Ghost Boy wants to travel back in time. He stands at one end of a large field in a small town that some of the locals call Cultland. This is the kind of place where fog seeps from the trees and rolls across the field under the light of the full moon. Ghost Boy doesn’t have a machine to help him go back to the past. He thinks of The Flash. The Flash can run fast enough to break the physics of time. He, The Flash, went back to save his mom from being murdered. This was the point he determined had ruined his life, and everything would be better, how he wanted it, if he could fix it. So he did.
Time travel obsession. Ghost Boy’s desire was vague at first, simply go back and tell his younger self to not wait to come out of the closet or else he’ll be thirty three when it finally happens, and he will feel like everything is happening too late. Like he doesn’t fit in the world.
While not the same as having your mother murdered by a superpowered maniac, all of our lives our ruined in their own ways. Barry Allen also known as The Flash had his mother’s murder. An exact moment. Ghost Boy had his too.
The moment: the summer after graduating high school. On breaks from his movie theater job, Ghost Boy would cross the asphalt and concrete of the mall parking lot to see the guy he had a crush on that worked at one of the clothing stores. Ghost Boy gushed to his closest friend at work about Store Guy. Ghost Boy’s friend said: “when are you going to tell your mother that you’re gay?”
Soon after, Ghost Boy went to see Store Guy, but he wasn’t working his normal schedule. Store Guy’s co-worker said to Ghost Boy: “You know he’s got a girlfriend, right? He’s not a faggot.” And with that Ghost Boy stayed in the closet for the next fifteen years.
When The Flash went back to fix his moment, it wrecked time. In the altered timeline, The Flash didn’t have powers, Bruce Wayne died instead of his parents, the grief of losing her son turned Martha Wayne into The Joker, and Wonder Woman and Aquaman were at war with each other, ultimately destroying the world. He had to go back again and stop himself from stopping the murder of his mother to save the world.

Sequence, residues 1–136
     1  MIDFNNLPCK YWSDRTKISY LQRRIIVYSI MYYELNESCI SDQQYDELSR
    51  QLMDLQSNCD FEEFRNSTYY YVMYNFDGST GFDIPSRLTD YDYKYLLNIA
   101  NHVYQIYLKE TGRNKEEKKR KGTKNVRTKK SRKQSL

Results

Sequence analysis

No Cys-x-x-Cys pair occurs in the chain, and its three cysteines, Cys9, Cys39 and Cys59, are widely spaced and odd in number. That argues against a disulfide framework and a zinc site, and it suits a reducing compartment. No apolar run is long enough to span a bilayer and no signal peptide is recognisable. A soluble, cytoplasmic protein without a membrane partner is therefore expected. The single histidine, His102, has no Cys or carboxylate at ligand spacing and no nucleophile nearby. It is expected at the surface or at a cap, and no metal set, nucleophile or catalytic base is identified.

There is danger in changing time. Things you don’t want to change do anyways. But at the edge of this field, the hazards lights on his car flashing, Ghost Boy wants to erase all the unease he feels when trying to explain why he took so long to come out, why he got married. He doesn’t want to feel broken. If he could go back to the moment with Store Guy’s co-worker, find the will to come out back then, all of that would be undone. He’s not thinking about the paradox.
If Ghost Boy could zoom across this field, electricity caused by his speed cutting through the mist, who would he become?
Brian Kornell’s writing appears in The Rumpus, The Kenyon Review, Queen Mob’s Teahouse, Luna Luna Magazine, OCHO, and elsewhere. He is currently working on a memoir called Ghost Boy about growing up gay in the Midwest as well being closeted and married until he was in his early thirties. You can find him on Twitter @briankornell.